6. A semiconductor memory device according to claim 4, wherein each of said two NOR gates comprises:
two inverter transistors connected in parallel and operatively connected to said sense amplifier; and
a common load transistor operatively connected to said parallel connection of said two inverter transistors.
7. A semiconductor memory device according to claim 4, further comprising a power source operatively connectable to said flip-flop circuit, wherein said flip-flop circuit comprises:
a pair of cross-coupled transistors, each having a drain and each operatively connected to said output buffer;
a pair of input transistors, each of which is connected in parallel to one of said pair of crosscoupled transistors and each having a gate electrode for receiving the amplified signals from one of said NOR gates; and
a pair of load transistors, each operatively connected between the drain of one of said crosscoupled transistors and the power source.
8. A semiconductor memory device according to claim 1, wherein said address-change detection circuit generates said pulse signal when at least one bit of the input address signals changes.
9. A semiconductor memory device according to claim 8, wherein the input address signals include column address signals and row address signals.
10. A semiconductor memory device operatively connected to receive input address signals, including a memory cell for storing and generating readout signals, comprising:
a sense amplifier, operatively connected to the memory cell, for amplifying the readout signals from the memory cell and outputting amplified signals;
a latch circuit, operatively connected to said sense amplifier, for receiving the amplified signals and outputting latched signals;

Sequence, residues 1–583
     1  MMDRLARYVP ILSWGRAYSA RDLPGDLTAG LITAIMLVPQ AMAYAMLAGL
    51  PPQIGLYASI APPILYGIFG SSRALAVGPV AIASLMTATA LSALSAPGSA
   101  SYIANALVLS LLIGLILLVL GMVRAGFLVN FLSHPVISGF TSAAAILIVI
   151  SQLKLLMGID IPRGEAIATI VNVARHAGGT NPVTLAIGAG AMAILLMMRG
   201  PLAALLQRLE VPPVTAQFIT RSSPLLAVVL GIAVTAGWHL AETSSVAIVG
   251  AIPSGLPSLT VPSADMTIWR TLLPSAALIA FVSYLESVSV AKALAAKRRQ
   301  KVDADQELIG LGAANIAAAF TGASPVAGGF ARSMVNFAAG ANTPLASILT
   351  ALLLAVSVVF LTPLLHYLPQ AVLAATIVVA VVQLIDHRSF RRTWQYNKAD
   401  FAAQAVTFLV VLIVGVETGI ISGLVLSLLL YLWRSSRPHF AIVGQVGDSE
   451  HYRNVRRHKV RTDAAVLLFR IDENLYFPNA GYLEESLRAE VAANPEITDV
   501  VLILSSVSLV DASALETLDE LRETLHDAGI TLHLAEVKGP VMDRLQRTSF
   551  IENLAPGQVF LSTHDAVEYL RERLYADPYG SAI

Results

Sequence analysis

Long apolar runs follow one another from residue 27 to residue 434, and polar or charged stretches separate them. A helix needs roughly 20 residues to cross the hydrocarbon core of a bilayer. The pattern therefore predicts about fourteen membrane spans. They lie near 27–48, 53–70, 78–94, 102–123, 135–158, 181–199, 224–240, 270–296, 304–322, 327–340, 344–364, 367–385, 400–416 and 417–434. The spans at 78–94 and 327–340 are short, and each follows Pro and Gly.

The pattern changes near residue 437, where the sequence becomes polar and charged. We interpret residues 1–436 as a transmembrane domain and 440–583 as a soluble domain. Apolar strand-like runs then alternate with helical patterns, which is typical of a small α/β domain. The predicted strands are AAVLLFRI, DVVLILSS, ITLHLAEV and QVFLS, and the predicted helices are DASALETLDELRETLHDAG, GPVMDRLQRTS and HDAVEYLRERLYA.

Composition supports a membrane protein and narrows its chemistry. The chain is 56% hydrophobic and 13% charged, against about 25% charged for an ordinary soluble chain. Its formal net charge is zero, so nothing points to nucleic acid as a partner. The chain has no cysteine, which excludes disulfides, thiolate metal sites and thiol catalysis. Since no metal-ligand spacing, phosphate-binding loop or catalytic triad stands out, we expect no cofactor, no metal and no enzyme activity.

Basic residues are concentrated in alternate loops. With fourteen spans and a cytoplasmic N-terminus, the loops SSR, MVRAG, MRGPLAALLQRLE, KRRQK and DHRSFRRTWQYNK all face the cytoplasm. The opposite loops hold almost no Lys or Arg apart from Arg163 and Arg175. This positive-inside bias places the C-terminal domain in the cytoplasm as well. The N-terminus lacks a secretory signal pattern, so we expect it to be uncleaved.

an address change detection circuit, operatively connected to receive the input address signals and operatively connected to said latch circuit, for generating a pulse signal when one of the input address signals changes, said latch circuit receiving the amplified signals in response to the pulse signal; and
an output buffer, operatively connected to said latch circuit, for receiving and outputting the latched signals.
11. A semiconductor memory device according to claim 10, further comprising a delay circuit, operatively connected to said address change detection circuit and said latch circuit, for delaying the pulse signal and outputting a delayed pulse to said latch circuit.
12. A semiconductor device opertively connected to receive input address signals, including a memory cell for storing and generating readout signals, comprising:
amplifier means, operatively connected to the memory cell, for amplifying the readout signals from the memory cell and outputting amplified signals;
latch means, operatively connected to said amplifier means, for receiving the amplified signals and outputting latched signals;
detection means, operatively connected to receive the input address signals and operatively connected to said latch means, for generating a pulse signal when one of the input address signals changes, said latch means receiving the amplified signals in response to the pulse signals; and
buffer means, operatively connected to said latch means, for receiving and outputting the latched signals.
Description
BACKGROUND OF THE INVENTION

(1) Field of the Invention

The present invention relates to a static-type semiconductor memory device and more particularly to a semiconductor memory device in which the length of time during which readout data is obtainable is increased and the reading out of data is reliably effected.

(2) Description of the Prior Art